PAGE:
Exact Binomial and Poisson Confidence Intervals

Revised 05/25/2009 -- Excel Add-in Now Available! (read below)

Binomial || Poisson || Set Conf Levels

This page computes exact confidence intervals for samples from the Binomial and Poisson distributions.

By default, it calculates symmetrical 95% confidence intervals, but you can change the "tail areas" to anything you'd like.

The formulas used in this web page are also available as Excel macros, which you can download in the file: confint.xls (85k long). This spreadsheet now includes an extra page that can generate a customized table of confidence limits around the observed numerator (x) and around the observed proportion (x/N), for any value of the denominator (N). My thanks to Prof. Patrick J. Laycock (University of Manchester) for that enhancement.

If you would like to have the six functions (BinomLow, BinomHigh, BinomP, PoisLow, PoisHigh, and PoisP) which appear in this spreadsheet available all the time (just as if they were built-in Excel functions), you can download and install the confint.xla Excel "add-in". Save the downloaded file in some reasonably "permanent" location on your computer's hard disk. Then install it, using the appropriate steps for your version of Excel (see Excel's Help section for "add-ins").

Note: Before using this page for the first time, make sure you read the JavaStat user interface guidelines for important information about interacting with JavaStat pages.


Binomial Confidence Intervals

Enter the observed numerator and denominator counts, then click the Compute button:

Numerator (x):

Denominator (N):

Proportion (x/N):

Exact Confidence Interval around Proportion:

to


Poisson Confidence Intervals

Enter the number of observed number of events, then click the Compute button:

Observed Events:

Exact Confidence Interval around Mean Event Rate:

to




Setting Confidence Levels

Normally you will not need to change anything in this section. People usually use symmetrical 95% confidence intervals, which correspond to a 2.5% probability in each tail.

If you want a different confidence level, you can replace the 95 with your preferred level, then click the Compute button. The program will split the tail area evenly between the Lower and Upper tails.

If you want asymmetrical limits, you can change the % Area numbers in the Lower Tail and Upper Tail cells shown below, then click the Compute button. The program will adjust the Confidence Level level accordingly.

Confidence Level:

% Area in Upper Tail:

% Area in Lower Tail:

Note:  Over the years, I have grappled with the issue of whether or not any special action has to be taken , in computing the classic Clopper-Pearson binomial confidence intervals, when the observed count falls at one or the other end of the range of possible values (such as when the observed "Numerator" is equal to zero, or equal to the "Denominator" for the binomial case, or when the "Observed Events" is zero for the Poisson case). Specifically, the question arises as to whether, in such a situation, the confidence interval should be made one-sided; that is, should all of the 5% tail probability (for 95% CI's) be put onto one side, instead of being split half-and-half between the left and right side. The rationale for taking such action is that, in these situations, one side of the CI will be equal to the observed value (that is, there will be no "confidence region" on that side), so it would seem to make sense that all of the tail area should be re-allocated over to the other side, giving a slightly narrower confidence interval.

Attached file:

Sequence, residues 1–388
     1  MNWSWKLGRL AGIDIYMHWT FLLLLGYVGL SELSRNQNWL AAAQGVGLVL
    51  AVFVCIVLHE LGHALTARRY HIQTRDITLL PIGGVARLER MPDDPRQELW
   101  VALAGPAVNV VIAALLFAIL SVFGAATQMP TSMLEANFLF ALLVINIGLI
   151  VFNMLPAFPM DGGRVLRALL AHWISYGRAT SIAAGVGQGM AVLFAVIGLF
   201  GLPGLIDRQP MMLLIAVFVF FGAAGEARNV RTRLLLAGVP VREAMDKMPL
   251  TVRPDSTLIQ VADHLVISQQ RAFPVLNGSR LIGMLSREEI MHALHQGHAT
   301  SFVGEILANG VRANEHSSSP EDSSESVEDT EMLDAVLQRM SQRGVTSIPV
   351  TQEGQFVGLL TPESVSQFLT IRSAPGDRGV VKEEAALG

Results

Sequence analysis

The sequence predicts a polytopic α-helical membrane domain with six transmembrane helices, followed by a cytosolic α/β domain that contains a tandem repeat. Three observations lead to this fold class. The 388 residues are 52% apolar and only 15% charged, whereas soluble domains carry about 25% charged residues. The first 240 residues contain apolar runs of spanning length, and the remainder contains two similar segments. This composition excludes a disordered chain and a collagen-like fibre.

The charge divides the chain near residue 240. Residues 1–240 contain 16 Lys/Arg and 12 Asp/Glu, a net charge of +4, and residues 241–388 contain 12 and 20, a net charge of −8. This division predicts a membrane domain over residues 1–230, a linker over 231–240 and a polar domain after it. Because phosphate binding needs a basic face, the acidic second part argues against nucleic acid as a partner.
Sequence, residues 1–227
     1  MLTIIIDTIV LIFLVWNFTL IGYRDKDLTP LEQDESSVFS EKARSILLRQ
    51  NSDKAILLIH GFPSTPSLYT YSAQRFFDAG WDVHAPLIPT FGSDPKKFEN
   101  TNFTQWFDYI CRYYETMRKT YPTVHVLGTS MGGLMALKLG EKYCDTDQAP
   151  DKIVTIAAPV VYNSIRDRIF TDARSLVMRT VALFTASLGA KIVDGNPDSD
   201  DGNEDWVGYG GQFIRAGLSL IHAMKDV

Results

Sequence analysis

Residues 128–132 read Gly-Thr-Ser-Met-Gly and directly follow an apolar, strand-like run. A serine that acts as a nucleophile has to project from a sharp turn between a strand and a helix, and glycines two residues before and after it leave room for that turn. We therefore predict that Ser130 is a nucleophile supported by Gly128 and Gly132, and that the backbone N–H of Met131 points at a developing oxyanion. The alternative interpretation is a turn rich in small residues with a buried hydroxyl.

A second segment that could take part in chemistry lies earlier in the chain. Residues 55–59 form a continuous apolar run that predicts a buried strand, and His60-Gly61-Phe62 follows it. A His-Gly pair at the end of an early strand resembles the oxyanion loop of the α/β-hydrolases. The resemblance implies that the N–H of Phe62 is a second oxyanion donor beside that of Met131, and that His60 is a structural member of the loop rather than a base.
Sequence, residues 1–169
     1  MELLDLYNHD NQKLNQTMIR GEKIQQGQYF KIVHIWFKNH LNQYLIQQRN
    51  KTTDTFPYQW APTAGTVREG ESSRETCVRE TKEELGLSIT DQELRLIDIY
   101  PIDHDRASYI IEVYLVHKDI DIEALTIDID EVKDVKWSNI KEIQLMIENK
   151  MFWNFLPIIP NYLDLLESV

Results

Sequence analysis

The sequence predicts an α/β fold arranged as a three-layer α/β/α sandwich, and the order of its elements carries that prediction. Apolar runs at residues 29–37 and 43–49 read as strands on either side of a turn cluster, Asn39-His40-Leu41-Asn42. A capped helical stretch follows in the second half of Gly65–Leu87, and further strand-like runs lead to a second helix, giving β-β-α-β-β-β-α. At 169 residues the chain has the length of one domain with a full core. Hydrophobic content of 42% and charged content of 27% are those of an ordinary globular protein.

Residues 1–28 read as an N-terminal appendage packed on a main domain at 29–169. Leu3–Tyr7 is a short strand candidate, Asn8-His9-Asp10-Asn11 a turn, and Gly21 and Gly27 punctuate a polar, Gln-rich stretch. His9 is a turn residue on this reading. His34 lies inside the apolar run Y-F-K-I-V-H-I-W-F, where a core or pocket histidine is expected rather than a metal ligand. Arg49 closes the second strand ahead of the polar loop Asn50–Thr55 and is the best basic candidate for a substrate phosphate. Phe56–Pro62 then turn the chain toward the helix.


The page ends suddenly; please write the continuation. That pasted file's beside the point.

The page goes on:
In the original version of this page (and the corresponding Excel spreadsheet), I took no special action. So, for example, an observed event count of zero would result in a 95% Poisson CI of 0 to 3.689 .  But over the years, people pointed out that the one-sided 95% Poisson CI for an observed count of 0 was 0 to 2.996, so on June 19, 2004, I revised this web page to apply this one-sided adjustment automatically whenever the observed Poisson count was zero, or whenever the observed binomial numerator was zero or equal to the denominator. I also revised the Excel spreadsheet (and the included macros) to do the same thing.

Then in 2007, in a series of e-mail communications with Karl Schlag (of the Economics Department, European University Institute, in Florence, Italy), I came to realize that this special action was not justified -- It is not valid  for the CI algorithm to turn a 2-sided CI into a 1-sided CI "on the fly" for certain values of the observed value. Taking this special action produces a CI that, for certain ranges of the true parameter, fails to produce at least a 95% coverage probability, thereby violating the strict requirement for an exact CI. The decision to use a 1-sided or a 2-sided CI has to be made beforehand, and applied consistently no matter what the observed value turns out to be. So, on August 11, 2007, I changed the web page's algorithm back to the way it was prior to June 19, 2004. I also made the same changes to the Excel spreadsheet and its macros.


Reference: CJ Clopper and ES Pearson, "The use of confidence or fiducial limits illustrated in the case of the binomial." Biometrika 26:404-413, 1934.

Reference: F Garwood, "Fiducial Limits for the Poisson Distribution" Biometrica 28:437-442, 1936.



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